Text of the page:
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Repotting plants

Most fertilizers for indoor plants contain a mix of macro and micronutrients.The primary macronutrients are: nitrogen, phosphorus, and potassium. The ratio of these macronutrients are usually listed in the fertilizer label - so look out for the N-P-K numbers, as they tell you the percentage of each nutrient that is included. Fertilizers with higher ratios are more concentrated than those with lower ratios. Make sure to also buy fertilizer that is specifically formulated for houseplants, as the ratio of the nutrients are different for lawn fertilizer for instance.

Each macronutrient also plays a special role for your green friend.


Nitrogen (N): encourages healthy foliage growth.

Phosphorus (P): encourages bigger blooms.

Potassium (K): encourages a strong root system for a strong foundation.

Types of Fertilizer:


Liquid fertilizers are diluted into water and used in your watering can. The benefit of liquid fertilizer is that you can accurately control the amount of fertilizer being added depending on your house plant's needs. For example, you can slow down or stop feeding your plants during winter months when their growth period slows, or increase during their active growing season: spring through summer.



These dry pellets can be mixed into the surface of the soil. When the plant is watered, the nutrients in the fertilizer are released. Granular fertilizers are great if you are looking for an inexpensive option, but it’s also harder to control the amount of fertilizer your plants receive at a given time (this may be too intense for your green friends). Remember, it is always better to under-fertilize than over-fertilize.


Slow release:

In slow-release fertilizers, liquid nutrients are coated in a time-release shell, and breaks down slowly over a period of time as you water, releasing nutrients to your plants in small doses. A single application lasts between 3 - 6 months. This option can be very convenient, and has become a favourite for many plant parents. However, keep in mind that it is made from synthetic nutrients (not so eco-friendly), which may be an issue if you want organic fertilizer for your plants.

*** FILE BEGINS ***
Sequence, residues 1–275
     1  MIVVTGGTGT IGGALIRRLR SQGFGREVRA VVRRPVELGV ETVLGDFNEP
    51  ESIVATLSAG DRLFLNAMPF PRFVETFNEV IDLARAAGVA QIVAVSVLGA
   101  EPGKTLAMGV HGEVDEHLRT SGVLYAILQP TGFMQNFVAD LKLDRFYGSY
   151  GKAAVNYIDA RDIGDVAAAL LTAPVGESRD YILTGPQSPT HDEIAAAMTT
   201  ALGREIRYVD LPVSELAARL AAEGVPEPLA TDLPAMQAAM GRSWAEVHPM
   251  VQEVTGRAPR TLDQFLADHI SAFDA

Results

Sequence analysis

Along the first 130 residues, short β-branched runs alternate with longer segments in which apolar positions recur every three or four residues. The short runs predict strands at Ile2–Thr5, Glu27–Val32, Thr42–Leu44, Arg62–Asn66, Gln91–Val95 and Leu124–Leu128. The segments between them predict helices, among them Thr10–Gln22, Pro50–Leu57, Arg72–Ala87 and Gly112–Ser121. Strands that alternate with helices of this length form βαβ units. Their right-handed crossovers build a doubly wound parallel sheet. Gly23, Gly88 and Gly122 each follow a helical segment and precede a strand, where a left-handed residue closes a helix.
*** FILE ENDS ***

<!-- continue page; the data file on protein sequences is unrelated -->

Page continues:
Organic or Chemical?

You may be asking yourself whether you should get chemical or organic fertilizer. Essentially, both organic and chemical fertilizers do the same thing in different ways, it’s just a matter of personal preference.


Organic Fertilizers:

All-natural ingredient fertilizers are mild for your more sensitive green amigos, but also pack an awesome growth punch! Equipped with all the macro and micro nutrients necessary to promote plant growth, organic fertilizers for your houseplants are on the rise. Marphyl Organic Soil Enhancer contains superfood, marine phytoplankton along with the necessary macro and micro nutrients that promotes healthy plant growth! A growing amigo, is a happy amigo!


Chemical fertilizers:

Chemical fertilizers are formulated with almost perfect ratios of both macro and micro nutrients. This is probably the easier option for beginners just starting out with fertilizers as it guarantees that your house plants get all the necessary nutrients.

Spring fertilizer tip:

When adding fertilizer to your plant care routine in the spring, make sure to slowly introduce so that your plant can adjust. We recommend that the first few applications be made at half the recommended strength suggested in the label. For liquid products, mix it to half strength and for granular, use half of the amount. Your houseplants don’t require large amounts yet, as they are just gearing up for the active growing season.

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